It is a good time to be an LNG buyer on the global market.
Long-term contracts with Asian buyers — the prospective market for the Alaska LNG Project — are almost exclusively tied to the price of oil through an energy equivalent formula.
While a flooded oil market has helped liquefied natural gas buyers dependant on its price, there is simply a lot of LNG right now, too.
“Today’s global LNG market is dreadful,” Kenai Peninsula Borough Oil and Gas Special Assistant Larry Persily said in an interview. “It’s just like oil; it’s way oversupplied.”
Persily served as the federal pipeline coordinator for Alaska natural gas projects before joining the borough.
In just a few years, delivered LNG prices in Asian markets has gone from nearly $20 per million British thermal units, or mmbtu, to less than half that. Japanese and Korean LNG buyers were paying $14.95 per mmbtu in May 2013; by last June, those prices were down to $7.25, according to the Federal Energy Regulatory Commission. In China, it was a little cheaper, at $7.10 per mmbtu on average.
The cause for the current bloated market is fairly simple: high demand for natural gas several years ago pushed producers worldwide to develop LNG projects. The 2011 Japan earthquake and subsequent Fukushima nuclear disaster drove the country to shut down its nuclear energy program, forcing utilities to buy LNG for electricity production, further straining the market and driving prices up.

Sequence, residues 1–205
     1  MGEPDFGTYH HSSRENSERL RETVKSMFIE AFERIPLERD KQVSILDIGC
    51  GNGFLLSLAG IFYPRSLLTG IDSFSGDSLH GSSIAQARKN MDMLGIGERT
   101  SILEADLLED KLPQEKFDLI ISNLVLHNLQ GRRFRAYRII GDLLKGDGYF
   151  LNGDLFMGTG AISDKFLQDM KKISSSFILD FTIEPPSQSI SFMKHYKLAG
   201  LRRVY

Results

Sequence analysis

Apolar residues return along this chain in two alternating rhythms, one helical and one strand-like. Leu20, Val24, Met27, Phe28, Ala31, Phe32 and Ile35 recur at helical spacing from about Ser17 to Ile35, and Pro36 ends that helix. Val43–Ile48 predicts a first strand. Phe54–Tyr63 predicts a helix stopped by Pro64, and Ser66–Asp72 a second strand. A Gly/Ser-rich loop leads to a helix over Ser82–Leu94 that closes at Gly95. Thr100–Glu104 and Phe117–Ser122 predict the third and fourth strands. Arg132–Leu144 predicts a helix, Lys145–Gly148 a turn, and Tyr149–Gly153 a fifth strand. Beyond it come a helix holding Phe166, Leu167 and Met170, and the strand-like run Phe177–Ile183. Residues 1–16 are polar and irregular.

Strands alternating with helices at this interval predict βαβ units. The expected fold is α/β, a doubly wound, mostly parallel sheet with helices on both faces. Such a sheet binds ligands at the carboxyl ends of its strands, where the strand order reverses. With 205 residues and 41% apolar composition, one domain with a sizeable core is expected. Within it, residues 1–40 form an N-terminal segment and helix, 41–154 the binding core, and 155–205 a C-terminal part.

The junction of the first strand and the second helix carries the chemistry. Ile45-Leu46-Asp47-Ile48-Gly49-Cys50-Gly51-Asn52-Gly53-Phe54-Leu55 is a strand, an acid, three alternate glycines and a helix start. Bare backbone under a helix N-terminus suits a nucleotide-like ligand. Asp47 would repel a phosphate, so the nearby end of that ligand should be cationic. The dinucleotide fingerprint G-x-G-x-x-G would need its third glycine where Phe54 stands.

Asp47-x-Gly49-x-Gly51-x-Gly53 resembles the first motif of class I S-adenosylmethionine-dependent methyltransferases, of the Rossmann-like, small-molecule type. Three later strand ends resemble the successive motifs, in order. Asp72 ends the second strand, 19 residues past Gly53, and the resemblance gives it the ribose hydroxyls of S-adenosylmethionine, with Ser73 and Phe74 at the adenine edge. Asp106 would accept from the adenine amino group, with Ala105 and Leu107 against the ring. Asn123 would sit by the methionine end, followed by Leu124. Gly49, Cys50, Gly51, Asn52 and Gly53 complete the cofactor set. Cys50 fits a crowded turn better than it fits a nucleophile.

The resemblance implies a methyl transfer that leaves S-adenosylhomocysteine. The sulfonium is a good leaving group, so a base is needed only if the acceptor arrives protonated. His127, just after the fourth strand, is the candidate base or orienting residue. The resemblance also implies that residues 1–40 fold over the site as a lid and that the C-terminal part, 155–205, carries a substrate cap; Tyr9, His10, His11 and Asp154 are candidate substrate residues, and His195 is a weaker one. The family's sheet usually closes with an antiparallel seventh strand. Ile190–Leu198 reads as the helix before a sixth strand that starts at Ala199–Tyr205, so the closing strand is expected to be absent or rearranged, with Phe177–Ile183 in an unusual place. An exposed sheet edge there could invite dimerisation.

Domestically, shale gas production exploded at roughly the same time and turned some Gulf Coast LNG import terminals into export facilities.
Most analysts expect it to remain an LNG buyers’ market for several years, along the same lines as oil, Persily said, but the value of those projections are always up for debate.
Eiji Hashio, a Tokyo-based vice president of Resources Energy Inc., said Japan is now buying about 90 million tons of LNG per year and about a quarter of that is on the spot market rather than long-term contracts.
Japan is viewed as a primary market in Asia for Alaska LNG. The country accounts for about 35 percent of the global LNG market, which stood at more than 240 million tons in 2014, according to the International Gas Union. Worldwide demand grew about 2 percent last year.
Combined, Japan and South Korea demand almost exactly half the world LNG market.
Resources Energy Inc. is an Alaskan-Japanese consortium looking to develop a smaller Cook Inlet LNG export project.